15 May 2020
Digital finance is supporting individuals, small businesses and governments amid the global economic downturn by enabling financial services, e-commerce, social assistance and greater collaboration between public sector stakeholders, speakers said during a webinar held exclusively for AFI working group members.
In addition to contactless and remote payments, digital infrastructure is enabling governments to rapidly disburse financial relief to vulnerable populations, AFI Executive Director Dr. Alfred Hannig said on 14 May. Dr. Hannig noted that digital payments and services were also helping maintain the supply and delivery of essential goods and keeping small businesses afloat during the pandemic and movement restrictions in most parts of the AFI network.
“BigTechs and digital platforms are mitigating growing unemployment, dwindling income levels, economic downturn and cascading impact on the world’s vulnerable population particularly women, rural population, informal sectors and MSMEs,” AFI Executive Director told over 200 participants from nearly 60 countries. He delivered the opening remarks during a two-hour webinar on “COVID-19 and the Role of BigTechs and Digital Platforms in Response and Recovery”, which centered around presentations by six speakers from the network and private sector.
Dr. Hannig added that by enabling fast, accurate and immediate responses to the ongoing crisis, new technological innovations were helping keep global economies running and providing buffers for those at greatest risk of slipping further into poverty.
Outlining some of the measures being adopted across the AFI network to mitigate the negative impacts of COVID-19 was Digital Financial Services Working Group (DFSWG) Co-Chair Ehab Nasr from Central Bank of Egypt. He noted how the central bank was encouraging the widespread use of digital payments, including doubling the transaction limit on contactless payments and raising the daily limits on mobile wallets and prepaid cards.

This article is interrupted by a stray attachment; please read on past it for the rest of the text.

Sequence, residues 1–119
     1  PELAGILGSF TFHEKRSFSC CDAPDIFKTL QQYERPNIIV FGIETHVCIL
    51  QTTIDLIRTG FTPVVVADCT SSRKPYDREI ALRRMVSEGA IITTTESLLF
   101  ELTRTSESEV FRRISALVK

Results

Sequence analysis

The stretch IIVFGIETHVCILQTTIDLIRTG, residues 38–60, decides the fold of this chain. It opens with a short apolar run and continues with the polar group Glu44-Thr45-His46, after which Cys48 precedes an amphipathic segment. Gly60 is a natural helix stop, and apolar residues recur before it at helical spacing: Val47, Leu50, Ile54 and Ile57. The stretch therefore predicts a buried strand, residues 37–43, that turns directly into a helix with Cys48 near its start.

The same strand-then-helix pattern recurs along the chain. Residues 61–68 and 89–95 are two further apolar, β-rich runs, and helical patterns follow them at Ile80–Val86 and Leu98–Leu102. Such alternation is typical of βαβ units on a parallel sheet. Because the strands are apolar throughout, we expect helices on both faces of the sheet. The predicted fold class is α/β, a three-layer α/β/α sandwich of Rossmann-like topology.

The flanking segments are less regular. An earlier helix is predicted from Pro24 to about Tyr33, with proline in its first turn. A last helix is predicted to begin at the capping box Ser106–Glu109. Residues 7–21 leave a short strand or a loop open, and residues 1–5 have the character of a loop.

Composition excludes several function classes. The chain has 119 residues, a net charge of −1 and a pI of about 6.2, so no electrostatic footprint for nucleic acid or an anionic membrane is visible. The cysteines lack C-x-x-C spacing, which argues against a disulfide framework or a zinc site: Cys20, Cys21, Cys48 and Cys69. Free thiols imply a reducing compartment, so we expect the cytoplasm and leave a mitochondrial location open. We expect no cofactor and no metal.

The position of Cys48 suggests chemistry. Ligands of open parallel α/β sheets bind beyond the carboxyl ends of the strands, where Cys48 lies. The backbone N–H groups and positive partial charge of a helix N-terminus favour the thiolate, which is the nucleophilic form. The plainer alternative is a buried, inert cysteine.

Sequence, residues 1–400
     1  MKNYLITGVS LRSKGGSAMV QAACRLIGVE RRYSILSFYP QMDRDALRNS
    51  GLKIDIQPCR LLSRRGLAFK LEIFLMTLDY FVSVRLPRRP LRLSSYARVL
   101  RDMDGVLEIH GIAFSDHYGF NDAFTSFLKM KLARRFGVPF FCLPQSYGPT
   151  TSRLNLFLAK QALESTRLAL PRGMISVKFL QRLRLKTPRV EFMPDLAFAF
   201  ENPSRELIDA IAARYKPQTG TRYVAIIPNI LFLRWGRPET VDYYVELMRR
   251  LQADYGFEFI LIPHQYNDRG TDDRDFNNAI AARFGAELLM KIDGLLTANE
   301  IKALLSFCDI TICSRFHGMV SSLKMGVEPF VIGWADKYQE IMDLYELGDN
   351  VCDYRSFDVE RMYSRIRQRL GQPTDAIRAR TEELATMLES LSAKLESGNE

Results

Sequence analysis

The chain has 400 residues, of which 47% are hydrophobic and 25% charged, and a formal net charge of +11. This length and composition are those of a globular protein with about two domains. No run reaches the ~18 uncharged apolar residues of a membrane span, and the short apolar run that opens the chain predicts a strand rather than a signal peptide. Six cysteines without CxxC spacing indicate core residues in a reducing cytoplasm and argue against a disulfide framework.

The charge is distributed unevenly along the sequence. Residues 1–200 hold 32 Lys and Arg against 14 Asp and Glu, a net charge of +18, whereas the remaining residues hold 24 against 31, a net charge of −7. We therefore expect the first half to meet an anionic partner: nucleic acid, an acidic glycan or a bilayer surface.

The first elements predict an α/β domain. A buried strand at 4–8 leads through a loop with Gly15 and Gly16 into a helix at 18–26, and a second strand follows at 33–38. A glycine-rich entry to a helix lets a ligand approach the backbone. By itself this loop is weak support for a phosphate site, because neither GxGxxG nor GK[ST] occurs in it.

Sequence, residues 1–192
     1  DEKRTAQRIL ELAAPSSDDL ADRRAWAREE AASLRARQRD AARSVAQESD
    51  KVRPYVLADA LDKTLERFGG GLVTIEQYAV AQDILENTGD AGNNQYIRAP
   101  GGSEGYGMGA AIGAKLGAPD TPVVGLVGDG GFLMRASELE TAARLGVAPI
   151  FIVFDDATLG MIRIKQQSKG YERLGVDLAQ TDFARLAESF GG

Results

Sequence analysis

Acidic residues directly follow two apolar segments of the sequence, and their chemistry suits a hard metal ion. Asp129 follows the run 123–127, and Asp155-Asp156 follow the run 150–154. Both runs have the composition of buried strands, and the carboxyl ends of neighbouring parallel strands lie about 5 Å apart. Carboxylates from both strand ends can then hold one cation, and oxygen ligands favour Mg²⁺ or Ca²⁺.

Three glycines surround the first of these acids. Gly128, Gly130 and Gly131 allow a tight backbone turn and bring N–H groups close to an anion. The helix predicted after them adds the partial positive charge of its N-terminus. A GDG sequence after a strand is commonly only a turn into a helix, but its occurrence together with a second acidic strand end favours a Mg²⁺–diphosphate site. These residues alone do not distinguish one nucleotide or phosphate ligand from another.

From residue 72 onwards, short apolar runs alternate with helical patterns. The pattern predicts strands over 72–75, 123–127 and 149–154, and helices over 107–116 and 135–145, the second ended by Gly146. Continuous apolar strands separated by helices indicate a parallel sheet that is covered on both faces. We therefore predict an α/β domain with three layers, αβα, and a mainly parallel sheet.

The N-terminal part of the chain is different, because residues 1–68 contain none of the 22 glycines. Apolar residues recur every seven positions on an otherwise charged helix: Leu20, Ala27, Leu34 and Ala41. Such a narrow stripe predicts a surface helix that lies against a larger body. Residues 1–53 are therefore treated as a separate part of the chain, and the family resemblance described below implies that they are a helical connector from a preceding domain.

Helping ensure that these gains would be sustained in the long-term, he added that the central bank was using awareness raising campaigns to fostering digital literacy by spotlighting the benefits of electronic payments, including the use of e-cards and e-wallets.
During his presentation, Nasr called on fellow regulators to pursue greater collaboration with their peers, saying that “it is not only regulators that have to work on regulation, but they also should pursue dialogue between different regulators from the same country”.
“Sandboxes will be very efficient in applying regulations in certain products before issuing them to the market,” he added.
While several speakers spoke of new opportunities, others also acknowledged the possible risks of “going digital”, including to personal data and fraud and the potential to leave those behind who lacked access to basic formal identification.
Bank Al Maghrib’s Hakima El Alami, for example, noted that Morocco’s central bank had taken mitigating steps, including increased vigilance, strengthened monitoring functions within the central bank and oversight in systems and means of payment.
“It is necessary for central banks to have close collaboration with all stakeholders … and set up strong oversight that allows us to mitigate the risks, including risk of cybersecurity and fraud, that could stop or have negative impacts on financial inclusion,” she said.